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Low reproducibility of many lactate markers during incremental cycle exercise
  1. R Hugh Morton1,
  2. Stephen R Stannard1,
  3. Bartholomew Kay2
  1. 1Institute of Food, Nutrition and Human Health, Massey University, Palmerston North, New Zealand
  2. 2Department of Sport and Exercise Science, University of Auckland, Auckland, New Zealand
  1. Correspondence to Dr R Hugh Morton, School of Sport and Exercise, Massey University, PO Box 11222, Palmerston North 4442, New Zealand; h.morton{at}


Reports on reproducibility of lactate markers usually considered only two trials. The authors assessed reproducibility of power output at seven markers in 11 fit subjects over at least six trials under tightly controlled conditions. Subjects undertook incremental exercises (50 W start, +50 W every 3 min to exhaustion) on a cycle ergometer. At each trial blood lactate concentration was determined at rest and within the final 30 s of each stage. The Rest+1, 2.0 and 4.0 mmol/l markers were determined by interpolation, the D-max and nadir using a quadratic model and the lactate slope index using an exponential plus constant model, and a visual turnpoint was determined empirically. Intraclass correlations and coefficients of variation assessed reproducibility. Power output at all markers differed significantly between subjects, but not between trials. Intraclass correlation coefficients were respectively 0.799, 0.794, 0.807, 0.903, 0.677, 0.769 and 0.648, and corresponding standard errors of measurement 11.9, 9.2, 9.1, 2.5, 9.2, 10.8 and 24.7 W. Statistical powers of detecting a 30 W increment at these markers were 0.30, 0.43, 0.42, 0.98, 0.58, 0.38 and 0.18 respectively. These results indicate that only the D-max marker has good reproducibility and that it alone can identify small but meaningful changes in training status with sufficient statistical power.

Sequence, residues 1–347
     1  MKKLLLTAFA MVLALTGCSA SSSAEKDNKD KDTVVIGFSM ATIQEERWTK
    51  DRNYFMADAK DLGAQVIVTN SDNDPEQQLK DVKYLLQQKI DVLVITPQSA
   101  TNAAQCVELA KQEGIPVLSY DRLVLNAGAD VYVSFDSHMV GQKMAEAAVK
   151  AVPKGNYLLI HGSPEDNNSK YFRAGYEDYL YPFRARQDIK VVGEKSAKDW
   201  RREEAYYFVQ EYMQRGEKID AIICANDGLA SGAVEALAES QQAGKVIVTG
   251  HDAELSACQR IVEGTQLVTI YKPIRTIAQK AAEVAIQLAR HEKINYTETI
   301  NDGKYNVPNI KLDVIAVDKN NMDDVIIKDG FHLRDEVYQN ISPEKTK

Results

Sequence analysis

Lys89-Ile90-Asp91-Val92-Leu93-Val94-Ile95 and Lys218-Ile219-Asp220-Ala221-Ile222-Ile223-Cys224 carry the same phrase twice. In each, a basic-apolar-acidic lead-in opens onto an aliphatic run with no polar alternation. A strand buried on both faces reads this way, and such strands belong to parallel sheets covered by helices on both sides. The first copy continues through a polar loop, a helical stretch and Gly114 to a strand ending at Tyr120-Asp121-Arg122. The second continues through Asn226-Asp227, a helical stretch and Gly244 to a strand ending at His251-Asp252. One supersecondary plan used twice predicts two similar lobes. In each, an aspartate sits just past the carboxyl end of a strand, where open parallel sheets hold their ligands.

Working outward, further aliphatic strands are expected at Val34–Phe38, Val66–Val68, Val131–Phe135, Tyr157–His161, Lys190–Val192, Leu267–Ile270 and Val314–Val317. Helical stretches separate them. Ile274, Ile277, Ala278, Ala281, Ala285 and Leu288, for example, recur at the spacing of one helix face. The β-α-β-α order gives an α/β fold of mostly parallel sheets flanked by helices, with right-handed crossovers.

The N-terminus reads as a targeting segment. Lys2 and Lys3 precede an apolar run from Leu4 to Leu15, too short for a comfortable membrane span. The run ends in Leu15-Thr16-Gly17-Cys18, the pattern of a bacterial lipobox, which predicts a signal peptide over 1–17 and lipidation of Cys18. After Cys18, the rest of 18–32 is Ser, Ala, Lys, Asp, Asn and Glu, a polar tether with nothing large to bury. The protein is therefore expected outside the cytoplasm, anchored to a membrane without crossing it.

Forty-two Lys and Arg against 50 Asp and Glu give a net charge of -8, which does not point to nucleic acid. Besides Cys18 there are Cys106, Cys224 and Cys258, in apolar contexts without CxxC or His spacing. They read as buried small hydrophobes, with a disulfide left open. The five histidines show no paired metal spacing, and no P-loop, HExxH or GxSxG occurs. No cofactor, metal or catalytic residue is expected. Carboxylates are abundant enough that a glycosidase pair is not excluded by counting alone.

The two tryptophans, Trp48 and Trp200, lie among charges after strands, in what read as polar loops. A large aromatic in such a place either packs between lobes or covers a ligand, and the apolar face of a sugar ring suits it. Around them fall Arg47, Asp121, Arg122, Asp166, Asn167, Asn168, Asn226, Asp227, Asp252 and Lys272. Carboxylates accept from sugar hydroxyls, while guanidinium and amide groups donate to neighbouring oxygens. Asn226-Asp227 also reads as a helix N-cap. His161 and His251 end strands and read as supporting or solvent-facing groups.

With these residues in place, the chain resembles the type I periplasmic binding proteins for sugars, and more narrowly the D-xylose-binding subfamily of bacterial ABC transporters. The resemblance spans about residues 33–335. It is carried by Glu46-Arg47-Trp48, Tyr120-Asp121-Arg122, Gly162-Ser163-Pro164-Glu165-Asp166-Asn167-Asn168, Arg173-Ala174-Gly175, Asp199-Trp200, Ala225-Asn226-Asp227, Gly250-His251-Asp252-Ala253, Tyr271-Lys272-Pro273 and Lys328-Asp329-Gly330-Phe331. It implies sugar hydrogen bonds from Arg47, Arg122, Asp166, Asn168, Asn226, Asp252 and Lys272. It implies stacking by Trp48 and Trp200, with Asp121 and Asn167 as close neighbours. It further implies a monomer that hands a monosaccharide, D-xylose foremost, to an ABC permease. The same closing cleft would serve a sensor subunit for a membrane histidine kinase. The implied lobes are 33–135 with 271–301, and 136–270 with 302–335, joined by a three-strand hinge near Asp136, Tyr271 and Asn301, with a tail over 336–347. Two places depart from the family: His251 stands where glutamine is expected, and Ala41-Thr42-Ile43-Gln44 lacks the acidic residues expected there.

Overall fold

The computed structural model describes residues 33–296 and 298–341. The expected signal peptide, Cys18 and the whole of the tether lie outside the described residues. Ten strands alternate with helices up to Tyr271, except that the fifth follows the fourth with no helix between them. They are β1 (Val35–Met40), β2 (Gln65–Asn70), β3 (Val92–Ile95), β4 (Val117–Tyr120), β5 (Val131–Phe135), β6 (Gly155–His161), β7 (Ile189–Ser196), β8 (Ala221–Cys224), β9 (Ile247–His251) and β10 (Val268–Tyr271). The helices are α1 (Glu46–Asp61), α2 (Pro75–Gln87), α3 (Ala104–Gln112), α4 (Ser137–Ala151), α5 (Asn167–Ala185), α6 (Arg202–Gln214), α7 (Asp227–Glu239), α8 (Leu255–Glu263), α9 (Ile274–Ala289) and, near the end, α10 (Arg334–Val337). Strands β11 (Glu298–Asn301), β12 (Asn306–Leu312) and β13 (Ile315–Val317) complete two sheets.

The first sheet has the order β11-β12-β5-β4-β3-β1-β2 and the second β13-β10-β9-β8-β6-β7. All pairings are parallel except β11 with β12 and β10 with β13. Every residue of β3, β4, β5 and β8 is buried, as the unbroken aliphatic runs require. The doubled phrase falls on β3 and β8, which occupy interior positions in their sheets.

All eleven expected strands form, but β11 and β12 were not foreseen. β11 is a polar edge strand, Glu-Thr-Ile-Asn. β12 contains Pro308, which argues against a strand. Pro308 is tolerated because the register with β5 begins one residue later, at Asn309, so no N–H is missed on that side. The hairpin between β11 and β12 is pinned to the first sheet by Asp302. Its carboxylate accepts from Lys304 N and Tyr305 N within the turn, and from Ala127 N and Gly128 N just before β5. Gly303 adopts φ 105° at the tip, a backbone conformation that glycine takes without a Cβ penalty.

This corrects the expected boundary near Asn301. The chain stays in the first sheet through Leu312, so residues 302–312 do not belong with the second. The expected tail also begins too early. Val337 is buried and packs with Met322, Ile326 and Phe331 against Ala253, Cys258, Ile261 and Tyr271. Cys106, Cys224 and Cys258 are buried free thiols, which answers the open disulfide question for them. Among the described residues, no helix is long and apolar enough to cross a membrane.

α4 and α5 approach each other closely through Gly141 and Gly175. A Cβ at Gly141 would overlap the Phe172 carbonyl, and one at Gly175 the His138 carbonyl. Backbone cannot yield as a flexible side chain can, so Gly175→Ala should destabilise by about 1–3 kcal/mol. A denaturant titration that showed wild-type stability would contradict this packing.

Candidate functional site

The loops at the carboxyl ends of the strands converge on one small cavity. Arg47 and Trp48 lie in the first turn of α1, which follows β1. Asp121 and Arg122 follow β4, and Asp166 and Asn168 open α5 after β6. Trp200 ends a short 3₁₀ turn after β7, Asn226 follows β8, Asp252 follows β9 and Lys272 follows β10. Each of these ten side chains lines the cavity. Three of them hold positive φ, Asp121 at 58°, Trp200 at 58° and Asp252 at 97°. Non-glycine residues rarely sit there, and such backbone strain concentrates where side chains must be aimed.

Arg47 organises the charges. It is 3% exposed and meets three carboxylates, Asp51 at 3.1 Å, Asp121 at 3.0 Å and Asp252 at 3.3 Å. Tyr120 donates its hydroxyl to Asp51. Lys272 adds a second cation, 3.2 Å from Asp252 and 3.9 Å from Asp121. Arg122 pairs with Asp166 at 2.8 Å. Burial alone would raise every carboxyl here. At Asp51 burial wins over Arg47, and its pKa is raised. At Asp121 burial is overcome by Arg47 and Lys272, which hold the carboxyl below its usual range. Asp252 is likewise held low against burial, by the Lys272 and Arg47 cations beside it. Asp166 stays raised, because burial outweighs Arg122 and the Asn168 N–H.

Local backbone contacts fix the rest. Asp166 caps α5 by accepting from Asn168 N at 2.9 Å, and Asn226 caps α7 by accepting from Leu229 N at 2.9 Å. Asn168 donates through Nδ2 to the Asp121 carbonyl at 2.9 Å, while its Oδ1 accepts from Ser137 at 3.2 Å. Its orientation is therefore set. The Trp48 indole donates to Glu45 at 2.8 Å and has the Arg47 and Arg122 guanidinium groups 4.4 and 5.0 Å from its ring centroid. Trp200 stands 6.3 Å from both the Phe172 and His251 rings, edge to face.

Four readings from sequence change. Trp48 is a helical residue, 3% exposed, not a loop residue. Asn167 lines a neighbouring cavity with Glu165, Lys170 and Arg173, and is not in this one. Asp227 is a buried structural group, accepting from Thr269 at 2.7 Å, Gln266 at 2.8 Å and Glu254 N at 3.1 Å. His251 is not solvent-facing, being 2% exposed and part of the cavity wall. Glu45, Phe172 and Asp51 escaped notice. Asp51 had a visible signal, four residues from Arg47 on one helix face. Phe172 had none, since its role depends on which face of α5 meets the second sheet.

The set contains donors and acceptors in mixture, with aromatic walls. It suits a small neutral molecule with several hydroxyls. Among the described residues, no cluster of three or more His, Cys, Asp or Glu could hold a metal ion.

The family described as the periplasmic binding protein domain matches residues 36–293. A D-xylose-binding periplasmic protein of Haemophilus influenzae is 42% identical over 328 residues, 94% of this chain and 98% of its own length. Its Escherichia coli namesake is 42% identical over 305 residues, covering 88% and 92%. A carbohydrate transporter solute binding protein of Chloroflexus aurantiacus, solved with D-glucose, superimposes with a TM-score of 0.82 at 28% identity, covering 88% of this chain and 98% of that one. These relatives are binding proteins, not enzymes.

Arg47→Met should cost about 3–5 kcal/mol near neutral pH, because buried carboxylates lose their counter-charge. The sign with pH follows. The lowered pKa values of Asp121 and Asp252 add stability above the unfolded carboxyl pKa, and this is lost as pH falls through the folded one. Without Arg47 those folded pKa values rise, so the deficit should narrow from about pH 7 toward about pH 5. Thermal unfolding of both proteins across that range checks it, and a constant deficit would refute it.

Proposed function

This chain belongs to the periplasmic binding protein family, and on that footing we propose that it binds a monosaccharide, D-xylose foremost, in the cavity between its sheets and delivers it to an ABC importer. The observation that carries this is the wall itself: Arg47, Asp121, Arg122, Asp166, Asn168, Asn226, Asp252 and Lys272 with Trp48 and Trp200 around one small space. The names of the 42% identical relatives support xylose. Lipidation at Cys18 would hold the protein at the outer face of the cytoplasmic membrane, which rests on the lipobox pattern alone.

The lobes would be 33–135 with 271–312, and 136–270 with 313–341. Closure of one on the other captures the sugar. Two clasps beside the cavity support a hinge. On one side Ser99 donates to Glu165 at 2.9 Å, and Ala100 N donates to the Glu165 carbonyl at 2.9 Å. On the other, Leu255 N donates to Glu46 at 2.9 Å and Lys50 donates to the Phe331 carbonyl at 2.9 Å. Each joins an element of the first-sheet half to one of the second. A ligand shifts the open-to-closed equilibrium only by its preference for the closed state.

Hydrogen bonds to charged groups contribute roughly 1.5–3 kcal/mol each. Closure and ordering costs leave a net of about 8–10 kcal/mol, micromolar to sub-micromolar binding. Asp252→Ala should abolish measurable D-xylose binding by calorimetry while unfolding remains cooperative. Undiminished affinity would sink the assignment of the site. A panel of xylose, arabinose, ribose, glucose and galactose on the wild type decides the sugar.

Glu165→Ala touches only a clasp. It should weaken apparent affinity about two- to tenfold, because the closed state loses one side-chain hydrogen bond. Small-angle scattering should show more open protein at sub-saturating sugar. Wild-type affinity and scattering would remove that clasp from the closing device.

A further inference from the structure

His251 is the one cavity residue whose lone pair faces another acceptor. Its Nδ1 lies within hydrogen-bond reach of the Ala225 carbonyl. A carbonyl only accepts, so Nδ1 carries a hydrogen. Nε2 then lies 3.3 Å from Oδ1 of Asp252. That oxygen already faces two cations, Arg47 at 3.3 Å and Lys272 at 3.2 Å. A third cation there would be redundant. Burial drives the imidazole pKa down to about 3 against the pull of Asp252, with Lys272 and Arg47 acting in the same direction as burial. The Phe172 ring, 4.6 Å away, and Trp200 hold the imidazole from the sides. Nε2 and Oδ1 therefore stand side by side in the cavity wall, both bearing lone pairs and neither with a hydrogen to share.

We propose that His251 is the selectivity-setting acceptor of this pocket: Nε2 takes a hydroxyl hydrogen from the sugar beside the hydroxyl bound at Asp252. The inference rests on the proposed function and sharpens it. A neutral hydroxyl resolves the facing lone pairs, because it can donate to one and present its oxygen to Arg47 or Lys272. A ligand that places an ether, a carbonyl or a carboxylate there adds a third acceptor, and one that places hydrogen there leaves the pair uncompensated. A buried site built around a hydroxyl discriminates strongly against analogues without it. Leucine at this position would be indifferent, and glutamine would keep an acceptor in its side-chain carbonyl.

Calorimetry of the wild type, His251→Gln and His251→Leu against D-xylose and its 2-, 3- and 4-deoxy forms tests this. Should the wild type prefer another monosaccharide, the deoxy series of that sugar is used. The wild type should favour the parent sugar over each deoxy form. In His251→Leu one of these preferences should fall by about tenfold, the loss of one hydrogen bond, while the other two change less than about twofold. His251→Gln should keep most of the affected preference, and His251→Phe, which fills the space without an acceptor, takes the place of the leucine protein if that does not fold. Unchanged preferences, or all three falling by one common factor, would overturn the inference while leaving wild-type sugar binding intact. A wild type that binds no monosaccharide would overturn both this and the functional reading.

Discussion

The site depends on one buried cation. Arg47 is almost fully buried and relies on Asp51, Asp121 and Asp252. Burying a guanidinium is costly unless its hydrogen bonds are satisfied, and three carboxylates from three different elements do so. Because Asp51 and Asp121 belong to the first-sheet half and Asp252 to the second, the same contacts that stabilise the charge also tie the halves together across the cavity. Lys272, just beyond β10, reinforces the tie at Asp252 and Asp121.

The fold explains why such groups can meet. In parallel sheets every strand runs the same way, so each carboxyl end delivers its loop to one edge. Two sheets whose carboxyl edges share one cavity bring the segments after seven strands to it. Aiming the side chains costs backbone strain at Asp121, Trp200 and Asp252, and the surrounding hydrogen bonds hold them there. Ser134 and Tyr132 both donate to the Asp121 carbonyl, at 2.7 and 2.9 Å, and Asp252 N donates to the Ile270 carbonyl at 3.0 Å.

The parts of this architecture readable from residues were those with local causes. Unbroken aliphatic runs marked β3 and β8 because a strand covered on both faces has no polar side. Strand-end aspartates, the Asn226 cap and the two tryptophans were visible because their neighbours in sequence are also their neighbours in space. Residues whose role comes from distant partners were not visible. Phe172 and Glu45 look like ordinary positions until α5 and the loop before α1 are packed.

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  • Competing interests None.

  • Ethics approval Ethics approval was provided by the Massey University Human Ethics Committee.

  • Provenance and peer review Not commissioned; externally peer reviewed.